With the best and wisest men out of the way, she planned to destroy the remaining Drevlians. […]
Basically, it's A Game of Thrones without the dragons.
[Via Chris Williams, commenting in a thread on diplomacy at Blood & Treasure]
July 10th, 2014
You've disrupted the world. Now it's time to disrupt your outfit.
You're a rich white man.
You're used to being listened to. But while you're jabbering away, all anyone can see is your garbage shirt that you bought for twenty bucks and have been wearing all year, shoved nastily into your shiny off-the-rack suit. Why would you do this to your brand?
We're opinionated homosexuals.
Your days are busy. In the morning you're going to a sympathetic tech blog to defend yourself from charges of sexual assault; in the afternoon you're explaining to your board why it's fine that you're dating a direct report in your organization. Well, you should stop doing all that, but at least you should stop doing that while looking like a fucking putz. That's where we come in. We're the gays of Shirterate. And we're the first startup with a target audience of rich straight men. (Haha, JK, we're not the first, we're just the first to say it.) […]
[Via The Awl]
July 9th, 2014
Calvin has one last talk with Hobbes. I'm not going to quote a single line from this: if you know who "Calvin" and "Hobbes" are then you want to read this in full.
The only improvement I could possibly desire would be to have Bill Watterson draw the story, but then I'm not sure I could bear to read that story with Watterson's art.
[Via Extenuating Circumstances]
July 2nd, 2014
xkcd: Surface Area
Space Without the Space
The Solar System's solid surfaces stitched together
July 2nd, 2014
Craig Mod answers the question – especially relevant in the light of yesterday's post – How are apps made?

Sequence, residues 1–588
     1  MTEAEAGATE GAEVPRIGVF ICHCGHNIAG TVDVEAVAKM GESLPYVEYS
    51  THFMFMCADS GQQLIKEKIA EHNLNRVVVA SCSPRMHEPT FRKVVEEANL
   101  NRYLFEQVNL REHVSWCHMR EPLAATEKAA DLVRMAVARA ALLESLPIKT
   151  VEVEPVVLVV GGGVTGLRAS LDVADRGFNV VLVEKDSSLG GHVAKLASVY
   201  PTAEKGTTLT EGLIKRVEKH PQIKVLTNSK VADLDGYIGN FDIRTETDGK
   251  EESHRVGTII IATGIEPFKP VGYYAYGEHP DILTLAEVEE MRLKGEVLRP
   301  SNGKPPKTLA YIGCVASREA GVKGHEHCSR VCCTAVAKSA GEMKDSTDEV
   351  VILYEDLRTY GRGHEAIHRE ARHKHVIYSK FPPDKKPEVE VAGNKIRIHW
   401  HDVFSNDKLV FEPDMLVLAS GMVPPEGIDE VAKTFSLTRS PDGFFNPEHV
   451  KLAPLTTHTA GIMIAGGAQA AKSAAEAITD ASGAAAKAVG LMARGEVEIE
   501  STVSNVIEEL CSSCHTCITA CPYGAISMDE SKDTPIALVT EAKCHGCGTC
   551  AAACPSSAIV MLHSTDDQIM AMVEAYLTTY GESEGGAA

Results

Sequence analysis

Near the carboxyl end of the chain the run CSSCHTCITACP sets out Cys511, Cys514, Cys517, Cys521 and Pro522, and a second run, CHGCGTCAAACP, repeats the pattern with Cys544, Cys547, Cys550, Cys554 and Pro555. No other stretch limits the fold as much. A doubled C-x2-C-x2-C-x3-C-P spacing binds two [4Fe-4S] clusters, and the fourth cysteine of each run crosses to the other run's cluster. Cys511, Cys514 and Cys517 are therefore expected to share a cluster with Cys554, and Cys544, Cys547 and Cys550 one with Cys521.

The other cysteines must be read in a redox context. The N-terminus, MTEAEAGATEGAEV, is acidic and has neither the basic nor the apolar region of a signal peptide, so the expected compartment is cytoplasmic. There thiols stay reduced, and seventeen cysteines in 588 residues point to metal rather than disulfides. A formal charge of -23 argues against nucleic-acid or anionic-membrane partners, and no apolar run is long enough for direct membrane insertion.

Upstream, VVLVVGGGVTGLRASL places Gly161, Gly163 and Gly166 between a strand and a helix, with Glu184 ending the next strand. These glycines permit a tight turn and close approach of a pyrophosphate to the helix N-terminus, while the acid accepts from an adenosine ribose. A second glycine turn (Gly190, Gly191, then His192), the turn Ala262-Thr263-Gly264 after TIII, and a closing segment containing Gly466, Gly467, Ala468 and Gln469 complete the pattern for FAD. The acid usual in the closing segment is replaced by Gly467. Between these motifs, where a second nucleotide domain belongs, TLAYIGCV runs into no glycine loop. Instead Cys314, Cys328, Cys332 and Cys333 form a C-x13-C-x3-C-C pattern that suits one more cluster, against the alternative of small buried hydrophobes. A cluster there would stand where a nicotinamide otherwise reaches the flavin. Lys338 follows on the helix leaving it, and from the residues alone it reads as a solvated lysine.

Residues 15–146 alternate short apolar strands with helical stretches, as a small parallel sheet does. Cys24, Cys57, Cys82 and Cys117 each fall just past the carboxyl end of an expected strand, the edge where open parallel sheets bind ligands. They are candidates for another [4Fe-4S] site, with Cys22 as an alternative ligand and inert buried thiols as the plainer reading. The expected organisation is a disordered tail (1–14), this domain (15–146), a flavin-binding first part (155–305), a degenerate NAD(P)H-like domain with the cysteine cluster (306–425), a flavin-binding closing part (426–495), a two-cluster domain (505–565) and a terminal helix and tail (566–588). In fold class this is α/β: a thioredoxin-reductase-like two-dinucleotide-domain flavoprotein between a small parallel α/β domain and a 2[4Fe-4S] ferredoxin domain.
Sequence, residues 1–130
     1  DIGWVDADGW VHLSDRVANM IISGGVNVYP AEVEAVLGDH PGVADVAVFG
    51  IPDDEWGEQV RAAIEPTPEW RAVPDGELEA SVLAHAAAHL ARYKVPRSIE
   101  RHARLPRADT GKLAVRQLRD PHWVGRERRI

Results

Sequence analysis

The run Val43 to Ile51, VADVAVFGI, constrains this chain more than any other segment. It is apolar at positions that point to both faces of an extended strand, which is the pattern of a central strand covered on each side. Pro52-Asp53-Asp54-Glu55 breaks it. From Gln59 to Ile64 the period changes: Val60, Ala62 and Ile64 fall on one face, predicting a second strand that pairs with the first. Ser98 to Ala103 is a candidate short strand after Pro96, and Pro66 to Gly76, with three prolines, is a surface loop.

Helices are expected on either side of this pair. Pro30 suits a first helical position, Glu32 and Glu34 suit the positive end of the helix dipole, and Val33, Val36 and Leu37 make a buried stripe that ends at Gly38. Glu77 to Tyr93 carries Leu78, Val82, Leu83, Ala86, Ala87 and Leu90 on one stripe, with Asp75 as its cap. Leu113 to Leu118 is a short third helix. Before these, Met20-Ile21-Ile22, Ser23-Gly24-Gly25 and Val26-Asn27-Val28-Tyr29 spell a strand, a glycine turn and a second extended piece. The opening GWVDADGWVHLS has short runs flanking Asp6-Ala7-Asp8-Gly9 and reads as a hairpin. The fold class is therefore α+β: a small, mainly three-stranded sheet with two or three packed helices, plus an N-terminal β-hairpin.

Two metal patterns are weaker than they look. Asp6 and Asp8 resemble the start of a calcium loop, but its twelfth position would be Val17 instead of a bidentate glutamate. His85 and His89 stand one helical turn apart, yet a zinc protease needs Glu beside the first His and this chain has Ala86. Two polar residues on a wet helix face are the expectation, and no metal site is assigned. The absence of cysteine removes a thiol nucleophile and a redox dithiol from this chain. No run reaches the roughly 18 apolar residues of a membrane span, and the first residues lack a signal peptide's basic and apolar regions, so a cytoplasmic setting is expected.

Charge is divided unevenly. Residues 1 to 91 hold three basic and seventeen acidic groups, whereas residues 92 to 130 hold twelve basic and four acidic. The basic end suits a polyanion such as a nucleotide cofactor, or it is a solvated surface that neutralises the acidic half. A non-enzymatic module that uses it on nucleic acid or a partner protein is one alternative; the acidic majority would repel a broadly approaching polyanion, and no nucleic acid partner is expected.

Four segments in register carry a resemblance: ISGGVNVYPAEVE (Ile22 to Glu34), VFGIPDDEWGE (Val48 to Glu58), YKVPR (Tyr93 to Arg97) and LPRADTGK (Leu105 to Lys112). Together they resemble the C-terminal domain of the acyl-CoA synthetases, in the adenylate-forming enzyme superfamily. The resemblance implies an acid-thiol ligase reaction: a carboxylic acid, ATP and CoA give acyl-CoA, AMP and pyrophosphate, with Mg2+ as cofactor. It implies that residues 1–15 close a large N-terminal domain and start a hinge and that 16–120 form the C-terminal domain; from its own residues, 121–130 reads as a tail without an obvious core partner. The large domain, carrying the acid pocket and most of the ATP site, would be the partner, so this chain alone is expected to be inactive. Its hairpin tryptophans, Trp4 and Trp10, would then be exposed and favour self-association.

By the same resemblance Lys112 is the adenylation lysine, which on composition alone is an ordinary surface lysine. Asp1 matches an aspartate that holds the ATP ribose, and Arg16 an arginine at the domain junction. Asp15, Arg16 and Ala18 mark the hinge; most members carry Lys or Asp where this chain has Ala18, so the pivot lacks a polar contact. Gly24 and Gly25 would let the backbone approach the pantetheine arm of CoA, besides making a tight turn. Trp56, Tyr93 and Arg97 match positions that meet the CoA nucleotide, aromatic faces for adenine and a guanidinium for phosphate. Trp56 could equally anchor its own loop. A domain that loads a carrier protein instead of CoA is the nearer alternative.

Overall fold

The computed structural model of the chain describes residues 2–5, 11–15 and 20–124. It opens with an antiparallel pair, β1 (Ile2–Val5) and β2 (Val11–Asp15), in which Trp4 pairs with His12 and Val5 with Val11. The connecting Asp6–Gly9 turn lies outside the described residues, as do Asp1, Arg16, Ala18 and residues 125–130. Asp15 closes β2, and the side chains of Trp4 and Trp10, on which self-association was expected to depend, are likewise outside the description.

The first pass should be ugly, the ugliest. Any brain cycle spent on pretty is self deception. If pretty is the point then please stop. Do not, I repeat, do not spent three months on the radial menu, impressive as it may be. It will not save your company. There is a time for that. That time is not now. Instead, make grand gestures. General gestures. Most importantly, innumerate the unknowns. Make a list. Making known the unknowns you now know will surface the other unknowns, the important unknowns, the truly devastating unknowns – you can't scrape our content! you can't monkey park here! a tiny antennae is not for rent! You want to unearth answers as quickly as possible. Nothing else matters if your question marks irrecoverably break you. Do not procrastinate in their excavation.
July 1st, 2014
App: The Human Story is seeking funding via Kickstarter:
App creation has become the new art form for our generation. This is the story of the cultural phenomenon that touches all our lives. […]
I've backed it, even though I'm slightly wary of the possibility that the whole thing could turn into a happy-clappy paean to the wonderful world Steve Jobs gifted to us all with the release of iOS 2.0 back in 2008. I'm hoping that impression is just the effect of their cramming so many brief interview snippets into their teaser; in the full film, with more space to expand on their subject, here's hoping we'll get a more nuanced prespective on the story so far. We'll see.
June 30th, 2014
You might have thought that the Internet Movie Database had cornered the market in film-related data. You'd be wrong. Sometimes the Trivia section of the IMDB just isn't up to the job, and there's nothing for it but to consult the Internet Movie Cars Database. Seriously, this exists and seems to be ridiculously thorough.
For sentimental reasons I asked it for appearances in film and TV by the Vauxhall Chevette and it brought up two pages of results, with screencaps, confirming that between the mid-1970s and the 1980s you couldn't walk up a streets anywhere in the United Kingdom without seeing a Chevette parked. It even had a starring role in an episode of The Likely Lads and a bit part in Christopher Eccleston's season on Doctor Who.
Seriously, I know most of us don't need to use a resource like the Internet Movie Cars Database on a daily basis, but it's good to know that it's out there, being maintained by people who care about making this sort of information freely available to the rest of us.
[Via Matt Patches, talking in the Fighting In The War Room podcast at the 15:36 mark while reviewing David Michod's The Rover. (Not talking about the Vauxhall Chevette specifically, mind, just about the existence of the IMCDb itself.)]